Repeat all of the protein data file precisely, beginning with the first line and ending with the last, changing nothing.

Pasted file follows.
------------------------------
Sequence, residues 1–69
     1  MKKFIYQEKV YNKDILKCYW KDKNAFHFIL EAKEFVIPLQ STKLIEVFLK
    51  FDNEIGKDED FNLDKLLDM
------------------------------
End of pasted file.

Sequence, residues 1–69
     1  MKKFIYQEKV YNKDILKCYW KDKNAFHFIL EAKEFVIPLQ STKLIEVFLK
    51  FDNEIGKDED FNLDKLLDM